Bombs in the Backyard: Atomic Testing and American Politics
On January 27, 1951, the first atomic weapon was detonated over a section of desert known as Frenchman Flat in southern Nevada, providing dramatic evidence of the Nevada Test Site's beginnings. Fifty years later, author A. Costandina Titus reviews contemporary nuclear policy issues concerning the continued viability of that site for weapons testing. Titus has updated her now-classic study of atomic testing with fifteen years of political and cultural history, from the mid-1980s Reagan-Gorbachev nuclear standoff to the authorization of the Nevada Test Site Research Center, a Desert Research Institute facility scheduled to open in 2001. In this second edition of Bombs in the Backyard, Titus deftly covers the post-Cold War transformation of American atomic policy as well as our overarching cultural interest in all matters atomic, making this a must-read for anyone interested in atomic policy and politics.
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Bombs in the Backyard focuses primarily on atomic bomb testing with most of its focus on the [[Wikipedia:Nevada Test Site]]. Its strengths lie in detailing how said testing, specifically radiation, affected not only the health of military personnel, but those downwind of the atomic blasts (including livestock). The second half of the book focuses on how the government, specifically Pentagon and the [[Wikipedia:Atomic Energy Commission]] failed to provide various forms of protection and information to those affected by the testing, and how the courts and federal government mostly fail to compensate the victims of atomic testing. The book was originally penned in the late 1980's.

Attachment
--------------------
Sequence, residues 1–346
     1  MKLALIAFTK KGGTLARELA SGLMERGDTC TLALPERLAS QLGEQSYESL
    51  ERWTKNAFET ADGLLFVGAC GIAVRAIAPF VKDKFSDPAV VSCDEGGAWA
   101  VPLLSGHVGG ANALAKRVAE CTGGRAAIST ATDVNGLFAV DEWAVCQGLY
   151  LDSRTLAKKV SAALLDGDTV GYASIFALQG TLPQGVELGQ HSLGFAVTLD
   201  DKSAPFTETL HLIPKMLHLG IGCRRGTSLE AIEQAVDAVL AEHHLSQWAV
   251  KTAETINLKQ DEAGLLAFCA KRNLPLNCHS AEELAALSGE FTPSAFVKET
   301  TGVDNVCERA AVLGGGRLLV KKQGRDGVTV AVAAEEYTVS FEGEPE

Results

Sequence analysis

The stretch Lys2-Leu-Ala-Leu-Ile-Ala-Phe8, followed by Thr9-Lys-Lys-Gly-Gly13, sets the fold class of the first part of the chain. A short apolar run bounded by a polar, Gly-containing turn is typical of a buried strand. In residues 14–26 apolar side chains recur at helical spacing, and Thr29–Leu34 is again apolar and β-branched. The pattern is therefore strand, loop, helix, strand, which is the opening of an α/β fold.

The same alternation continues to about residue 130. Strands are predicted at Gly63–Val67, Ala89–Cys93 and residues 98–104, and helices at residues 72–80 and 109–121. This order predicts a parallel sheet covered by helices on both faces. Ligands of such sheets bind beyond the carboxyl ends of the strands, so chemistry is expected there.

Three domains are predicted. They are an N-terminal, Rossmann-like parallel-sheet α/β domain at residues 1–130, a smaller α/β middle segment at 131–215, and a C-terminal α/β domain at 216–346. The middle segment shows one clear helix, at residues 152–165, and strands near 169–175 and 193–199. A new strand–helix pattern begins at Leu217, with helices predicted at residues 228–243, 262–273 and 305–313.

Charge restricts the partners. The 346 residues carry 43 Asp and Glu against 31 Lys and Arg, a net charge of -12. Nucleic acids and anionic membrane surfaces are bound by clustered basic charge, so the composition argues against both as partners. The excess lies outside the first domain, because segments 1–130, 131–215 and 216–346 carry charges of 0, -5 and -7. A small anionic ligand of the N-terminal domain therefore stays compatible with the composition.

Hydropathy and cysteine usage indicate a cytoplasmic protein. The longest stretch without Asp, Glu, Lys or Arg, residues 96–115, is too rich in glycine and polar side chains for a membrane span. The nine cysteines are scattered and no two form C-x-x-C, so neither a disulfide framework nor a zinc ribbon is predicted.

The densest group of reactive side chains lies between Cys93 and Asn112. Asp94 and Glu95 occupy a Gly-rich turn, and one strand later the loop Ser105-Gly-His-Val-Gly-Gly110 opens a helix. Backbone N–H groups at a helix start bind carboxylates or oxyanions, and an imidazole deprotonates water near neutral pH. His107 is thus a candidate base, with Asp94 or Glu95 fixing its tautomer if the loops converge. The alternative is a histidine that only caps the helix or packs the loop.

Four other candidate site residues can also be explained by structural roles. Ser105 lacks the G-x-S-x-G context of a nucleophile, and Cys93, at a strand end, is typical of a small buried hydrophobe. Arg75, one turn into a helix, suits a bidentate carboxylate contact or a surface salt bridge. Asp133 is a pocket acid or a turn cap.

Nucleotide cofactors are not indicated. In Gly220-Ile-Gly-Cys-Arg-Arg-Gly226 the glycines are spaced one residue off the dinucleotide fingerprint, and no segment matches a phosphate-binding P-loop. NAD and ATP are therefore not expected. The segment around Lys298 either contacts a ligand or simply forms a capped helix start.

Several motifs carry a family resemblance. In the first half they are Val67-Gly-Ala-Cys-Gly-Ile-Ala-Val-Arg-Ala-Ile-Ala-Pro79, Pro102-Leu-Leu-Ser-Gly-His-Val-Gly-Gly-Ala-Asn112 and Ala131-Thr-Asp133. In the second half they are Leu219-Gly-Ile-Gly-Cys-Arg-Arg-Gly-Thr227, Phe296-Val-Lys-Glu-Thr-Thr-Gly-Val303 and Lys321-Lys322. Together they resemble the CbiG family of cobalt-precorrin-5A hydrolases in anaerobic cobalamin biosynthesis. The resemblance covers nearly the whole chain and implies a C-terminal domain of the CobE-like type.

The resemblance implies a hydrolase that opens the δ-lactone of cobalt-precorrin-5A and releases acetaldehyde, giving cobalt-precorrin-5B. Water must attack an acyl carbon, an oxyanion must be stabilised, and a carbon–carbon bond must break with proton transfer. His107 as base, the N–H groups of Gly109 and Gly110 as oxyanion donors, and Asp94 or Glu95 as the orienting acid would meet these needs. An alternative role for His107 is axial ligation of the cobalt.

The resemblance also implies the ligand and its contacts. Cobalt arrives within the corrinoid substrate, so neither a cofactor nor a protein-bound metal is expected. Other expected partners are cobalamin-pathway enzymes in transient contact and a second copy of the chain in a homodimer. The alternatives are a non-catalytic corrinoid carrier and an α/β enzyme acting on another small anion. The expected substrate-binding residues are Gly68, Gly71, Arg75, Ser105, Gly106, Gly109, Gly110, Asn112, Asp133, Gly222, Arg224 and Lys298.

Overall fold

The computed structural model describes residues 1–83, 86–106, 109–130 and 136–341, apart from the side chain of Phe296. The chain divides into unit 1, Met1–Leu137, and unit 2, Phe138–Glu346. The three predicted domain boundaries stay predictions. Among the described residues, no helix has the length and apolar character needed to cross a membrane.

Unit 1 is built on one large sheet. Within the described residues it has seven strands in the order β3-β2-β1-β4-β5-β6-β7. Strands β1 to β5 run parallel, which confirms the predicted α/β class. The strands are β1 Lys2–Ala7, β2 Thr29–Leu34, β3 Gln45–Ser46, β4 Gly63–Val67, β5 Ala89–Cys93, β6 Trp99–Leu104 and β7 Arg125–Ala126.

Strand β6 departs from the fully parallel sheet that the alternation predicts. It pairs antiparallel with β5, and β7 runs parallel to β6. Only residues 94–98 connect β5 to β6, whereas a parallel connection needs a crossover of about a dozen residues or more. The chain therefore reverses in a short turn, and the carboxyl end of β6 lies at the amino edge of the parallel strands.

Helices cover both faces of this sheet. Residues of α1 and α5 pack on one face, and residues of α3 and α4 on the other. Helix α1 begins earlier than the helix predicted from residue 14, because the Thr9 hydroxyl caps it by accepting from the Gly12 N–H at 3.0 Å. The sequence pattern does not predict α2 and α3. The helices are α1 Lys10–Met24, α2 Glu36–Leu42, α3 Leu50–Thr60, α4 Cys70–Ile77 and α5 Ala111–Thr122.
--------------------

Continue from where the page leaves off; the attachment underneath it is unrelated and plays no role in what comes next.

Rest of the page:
From Atomos to ABomb
Politics of Control
Victims of Proliferation
Bombs in the Backyard
Selling the Bomb
Living Under the Mushroom Cloud
Political Fallout from AboveGround Tests